Falconwood Club House - 1 of 9
pen and ink drawings by Albion Ende, artist and reporter for the Island Dispatch.
The prints are on display and available for purchase at deSignet
International. The set of nine prints sell for $75.00
Declared a township in 1852, Grand Island in the half century that followed,
changed from mainly farming country to an era that included exclusive clubs and elaborate
Lewis F. Allen's Falconwood
Club opened as a resort on June 19, 1858. Its design was of the "villa"
order or what would later be known as "Queen
Anne." Located on 45 acres overlooking the West River on Grand Island,
its twelve foot verandahs ran the full length of the site that boasted an elegant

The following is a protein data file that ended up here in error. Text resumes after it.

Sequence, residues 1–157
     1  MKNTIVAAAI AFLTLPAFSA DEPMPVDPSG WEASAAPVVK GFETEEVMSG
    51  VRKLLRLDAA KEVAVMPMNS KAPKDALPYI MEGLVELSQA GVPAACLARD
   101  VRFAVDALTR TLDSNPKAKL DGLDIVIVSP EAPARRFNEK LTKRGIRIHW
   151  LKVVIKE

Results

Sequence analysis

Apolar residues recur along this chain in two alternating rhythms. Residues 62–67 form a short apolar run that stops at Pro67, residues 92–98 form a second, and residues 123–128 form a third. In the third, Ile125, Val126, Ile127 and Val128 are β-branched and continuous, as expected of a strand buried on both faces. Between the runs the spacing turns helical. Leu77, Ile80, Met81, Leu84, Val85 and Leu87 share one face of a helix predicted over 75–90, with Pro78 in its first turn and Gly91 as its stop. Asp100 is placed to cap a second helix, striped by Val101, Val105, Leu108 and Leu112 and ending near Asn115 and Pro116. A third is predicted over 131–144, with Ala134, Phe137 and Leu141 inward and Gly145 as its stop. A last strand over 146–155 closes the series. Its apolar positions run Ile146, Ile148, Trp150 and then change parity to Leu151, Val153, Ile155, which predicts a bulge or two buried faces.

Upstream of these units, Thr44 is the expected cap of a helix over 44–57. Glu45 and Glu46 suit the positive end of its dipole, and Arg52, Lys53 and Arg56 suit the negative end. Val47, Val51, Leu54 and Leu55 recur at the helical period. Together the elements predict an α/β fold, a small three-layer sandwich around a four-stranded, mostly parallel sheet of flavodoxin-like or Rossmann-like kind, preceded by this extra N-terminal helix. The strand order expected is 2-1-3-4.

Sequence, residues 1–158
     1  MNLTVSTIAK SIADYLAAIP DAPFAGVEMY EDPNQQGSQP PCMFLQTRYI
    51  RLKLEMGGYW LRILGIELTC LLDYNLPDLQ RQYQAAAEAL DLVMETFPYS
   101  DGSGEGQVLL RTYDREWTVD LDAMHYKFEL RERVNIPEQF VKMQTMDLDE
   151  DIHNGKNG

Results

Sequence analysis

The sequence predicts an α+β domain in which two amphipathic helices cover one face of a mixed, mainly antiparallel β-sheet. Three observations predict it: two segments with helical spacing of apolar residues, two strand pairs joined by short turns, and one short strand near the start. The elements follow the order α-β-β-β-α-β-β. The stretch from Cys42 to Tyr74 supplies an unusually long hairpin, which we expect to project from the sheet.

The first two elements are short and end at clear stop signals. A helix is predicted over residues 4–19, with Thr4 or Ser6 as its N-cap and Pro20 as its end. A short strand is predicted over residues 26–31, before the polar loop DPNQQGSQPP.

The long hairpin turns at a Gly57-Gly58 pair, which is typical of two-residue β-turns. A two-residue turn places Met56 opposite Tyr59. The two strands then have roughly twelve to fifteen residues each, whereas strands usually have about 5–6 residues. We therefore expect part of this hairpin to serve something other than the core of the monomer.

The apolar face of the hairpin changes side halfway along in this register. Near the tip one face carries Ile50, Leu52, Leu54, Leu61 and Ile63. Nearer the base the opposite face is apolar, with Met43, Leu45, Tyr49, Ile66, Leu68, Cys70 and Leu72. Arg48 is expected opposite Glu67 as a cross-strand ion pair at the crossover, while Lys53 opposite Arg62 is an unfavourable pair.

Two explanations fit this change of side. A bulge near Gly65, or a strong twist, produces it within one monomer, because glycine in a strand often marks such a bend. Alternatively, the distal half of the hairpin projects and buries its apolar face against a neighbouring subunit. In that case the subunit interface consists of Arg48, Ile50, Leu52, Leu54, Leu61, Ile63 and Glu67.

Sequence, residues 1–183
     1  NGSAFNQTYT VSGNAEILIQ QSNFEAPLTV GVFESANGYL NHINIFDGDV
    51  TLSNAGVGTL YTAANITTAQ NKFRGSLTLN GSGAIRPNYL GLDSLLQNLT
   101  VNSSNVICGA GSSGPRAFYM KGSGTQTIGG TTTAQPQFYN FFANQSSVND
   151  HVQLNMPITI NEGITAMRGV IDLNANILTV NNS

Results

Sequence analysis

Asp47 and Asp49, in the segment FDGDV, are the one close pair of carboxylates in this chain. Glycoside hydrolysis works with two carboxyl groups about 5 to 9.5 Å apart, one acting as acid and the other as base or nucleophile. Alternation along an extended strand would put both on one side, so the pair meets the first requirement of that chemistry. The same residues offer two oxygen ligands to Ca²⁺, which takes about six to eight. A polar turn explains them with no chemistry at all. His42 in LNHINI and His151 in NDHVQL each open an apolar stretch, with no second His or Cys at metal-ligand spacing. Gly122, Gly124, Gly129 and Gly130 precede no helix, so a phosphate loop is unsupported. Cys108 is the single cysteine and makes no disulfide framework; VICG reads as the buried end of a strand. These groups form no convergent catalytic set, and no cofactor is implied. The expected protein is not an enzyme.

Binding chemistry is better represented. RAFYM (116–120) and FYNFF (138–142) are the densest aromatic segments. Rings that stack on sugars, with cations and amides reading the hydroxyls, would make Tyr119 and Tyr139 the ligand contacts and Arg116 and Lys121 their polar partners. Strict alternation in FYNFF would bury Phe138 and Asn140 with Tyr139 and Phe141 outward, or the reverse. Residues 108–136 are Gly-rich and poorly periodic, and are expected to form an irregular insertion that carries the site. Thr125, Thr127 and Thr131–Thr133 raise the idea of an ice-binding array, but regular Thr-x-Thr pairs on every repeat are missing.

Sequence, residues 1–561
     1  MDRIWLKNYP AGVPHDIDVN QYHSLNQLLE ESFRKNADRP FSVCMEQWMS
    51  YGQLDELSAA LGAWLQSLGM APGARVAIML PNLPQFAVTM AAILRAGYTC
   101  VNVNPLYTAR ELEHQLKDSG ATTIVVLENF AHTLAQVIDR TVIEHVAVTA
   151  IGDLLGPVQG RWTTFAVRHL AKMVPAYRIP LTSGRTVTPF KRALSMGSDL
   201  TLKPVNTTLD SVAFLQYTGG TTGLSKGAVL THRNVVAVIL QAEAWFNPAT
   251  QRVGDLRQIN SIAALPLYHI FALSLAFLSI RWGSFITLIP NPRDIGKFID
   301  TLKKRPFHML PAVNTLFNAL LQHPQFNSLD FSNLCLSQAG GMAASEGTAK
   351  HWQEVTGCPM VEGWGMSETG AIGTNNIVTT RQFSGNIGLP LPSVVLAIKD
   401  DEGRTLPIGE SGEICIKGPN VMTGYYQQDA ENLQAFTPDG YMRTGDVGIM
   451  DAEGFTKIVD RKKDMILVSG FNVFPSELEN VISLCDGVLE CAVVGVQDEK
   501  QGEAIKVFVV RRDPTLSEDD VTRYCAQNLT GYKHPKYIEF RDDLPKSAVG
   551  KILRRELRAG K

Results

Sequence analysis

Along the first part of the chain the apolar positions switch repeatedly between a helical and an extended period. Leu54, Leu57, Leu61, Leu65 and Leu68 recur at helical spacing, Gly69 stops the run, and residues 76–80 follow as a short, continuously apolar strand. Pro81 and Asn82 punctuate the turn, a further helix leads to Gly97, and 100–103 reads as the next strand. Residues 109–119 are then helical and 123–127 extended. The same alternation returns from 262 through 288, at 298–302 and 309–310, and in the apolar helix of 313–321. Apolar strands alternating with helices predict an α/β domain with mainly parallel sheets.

bar, bowling alley, assembly hall and a number of guest rooms. Its wharf projected
110 feet into the river.
Lewis F. Allen, who owned a large farm
at the head of the island, decided to build a summer resort on the south west side
which he called Falconwood. He gave this name to the place because of the number
of hawks and eagles who made the large trees near the river bank their home.
The first guests arrived at Falconwood on the steamer George O. Vail on Saturday
afternoon, June 19, 1859. Falconwood later became a popular resort, open to the public.
The steamers Cygnet and Arrow transported the vacation seekers the
The Club House was designed by Joseph
Lyman Silsbee; the club house burned down in 1882.